I previously reported on the situation of Rifqa Bary, the 17 year old Sri Lankan Muslim who converted to Christianity. She ran away from her New Albany (suburb of Columbus) Ohio home and is living in Florida with a foster family. She says she fears for her life. My post has here.
As reported in the Columbus Dispatch, Sgt Jerry Cupps of the Columbus Police missing persons bureau discounted the girl's fear of death-for-apostasy and said the father had long known of the conversion and appeared to be a caring father.
Our laws generally favor parental rights to care for and control their children, subject to prohibitions on doing serious physical (and perhaps emotional) harm.
The Orlando Sentinel reports that on August 21, 2009, a Florida judge has delayed the return of the girl to her parents until the Florida Department of Law Enforcement can investigate to determine whether the home with the parents is safe. A further hearing is ordered for September 3, 2009.
These sorts of cases are incredibly difficult. It is certainly true that some Muslims believe that killing a child who converts to Christianity would be required to maintain the honor of the family. Some will not go that far, especially living in non-Muslim country where that is NOT the predominate belief in the country's culture. Obviously Ms.Bary believes her father to be in the former category (or she is an extraordinarly convincing liar -- see video).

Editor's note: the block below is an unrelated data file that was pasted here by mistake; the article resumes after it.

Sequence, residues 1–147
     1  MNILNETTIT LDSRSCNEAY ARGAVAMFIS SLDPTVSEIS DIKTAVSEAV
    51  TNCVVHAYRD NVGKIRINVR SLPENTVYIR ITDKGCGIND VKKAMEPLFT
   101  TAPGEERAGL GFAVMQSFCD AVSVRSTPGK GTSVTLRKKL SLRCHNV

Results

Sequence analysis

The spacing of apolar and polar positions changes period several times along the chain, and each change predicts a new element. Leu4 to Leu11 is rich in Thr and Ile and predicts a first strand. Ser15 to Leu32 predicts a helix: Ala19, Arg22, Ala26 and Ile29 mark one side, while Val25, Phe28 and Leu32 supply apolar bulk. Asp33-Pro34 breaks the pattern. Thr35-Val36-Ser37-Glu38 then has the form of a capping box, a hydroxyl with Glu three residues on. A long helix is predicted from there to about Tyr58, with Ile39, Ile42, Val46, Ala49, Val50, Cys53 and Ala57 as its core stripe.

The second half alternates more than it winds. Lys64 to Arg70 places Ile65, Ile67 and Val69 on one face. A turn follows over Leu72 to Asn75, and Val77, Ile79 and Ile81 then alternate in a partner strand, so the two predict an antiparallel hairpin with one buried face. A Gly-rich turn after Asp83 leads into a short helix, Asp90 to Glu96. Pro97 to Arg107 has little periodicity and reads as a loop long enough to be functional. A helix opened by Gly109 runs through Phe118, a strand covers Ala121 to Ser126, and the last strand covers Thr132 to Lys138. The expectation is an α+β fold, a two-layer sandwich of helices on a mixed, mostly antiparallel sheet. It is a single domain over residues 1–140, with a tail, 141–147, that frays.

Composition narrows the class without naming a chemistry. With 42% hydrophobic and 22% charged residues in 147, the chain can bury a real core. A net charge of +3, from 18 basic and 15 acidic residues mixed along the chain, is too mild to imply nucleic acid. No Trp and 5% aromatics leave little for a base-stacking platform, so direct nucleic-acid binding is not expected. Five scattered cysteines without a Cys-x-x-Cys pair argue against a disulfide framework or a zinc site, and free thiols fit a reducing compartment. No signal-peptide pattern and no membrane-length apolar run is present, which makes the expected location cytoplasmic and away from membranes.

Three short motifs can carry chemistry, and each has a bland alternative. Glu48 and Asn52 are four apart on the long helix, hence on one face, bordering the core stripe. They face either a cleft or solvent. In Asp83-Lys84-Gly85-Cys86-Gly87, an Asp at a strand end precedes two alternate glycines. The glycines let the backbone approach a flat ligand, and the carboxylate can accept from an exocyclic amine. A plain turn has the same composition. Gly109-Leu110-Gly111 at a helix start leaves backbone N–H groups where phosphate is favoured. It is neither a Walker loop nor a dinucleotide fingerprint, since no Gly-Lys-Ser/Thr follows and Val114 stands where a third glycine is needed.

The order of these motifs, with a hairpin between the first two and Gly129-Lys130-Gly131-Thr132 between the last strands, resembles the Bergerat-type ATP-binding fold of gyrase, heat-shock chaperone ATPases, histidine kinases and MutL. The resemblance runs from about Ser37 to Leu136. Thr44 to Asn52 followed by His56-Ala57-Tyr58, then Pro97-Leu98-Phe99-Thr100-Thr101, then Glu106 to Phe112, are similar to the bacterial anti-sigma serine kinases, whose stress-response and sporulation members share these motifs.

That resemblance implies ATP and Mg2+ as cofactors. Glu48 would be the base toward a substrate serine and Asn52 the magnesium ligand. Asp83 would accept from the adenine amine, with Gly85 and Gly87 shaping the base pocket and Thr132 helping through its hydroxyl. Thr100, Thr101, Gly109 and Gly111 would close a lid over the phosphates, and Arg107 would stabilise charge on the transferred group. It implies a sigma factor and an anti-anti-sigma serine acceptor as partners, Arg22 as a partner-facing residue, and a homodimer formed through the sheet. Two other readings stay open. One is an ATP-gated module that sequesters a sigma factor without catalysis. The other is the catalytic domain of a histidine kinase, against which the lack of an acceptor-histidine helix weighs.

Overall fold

The legal question is, "What is in the best interests of the child?" It seems to me that is the fear of death-for-apostasy is sufficiently credible, the safest thing for the child, who is only one year away from the age of majority, is to keep her in the foster home. If the fears are justified, the father now under the spotlight need not do the deed himself, but he can ship the daughter off to Sri Lanka and let relatives take care of business. But if the father is truly sincere in rejected the Islamic death penalty for apostasy, how sad for the family that the daughter can make up a credible story to escape whatever fate the teenager feels her family has for her.
Personally I would opt for the safe approach. But if I were the father, I would move all resources to rebuild the bridges with my daughter. Now, maybe if he converted as well....
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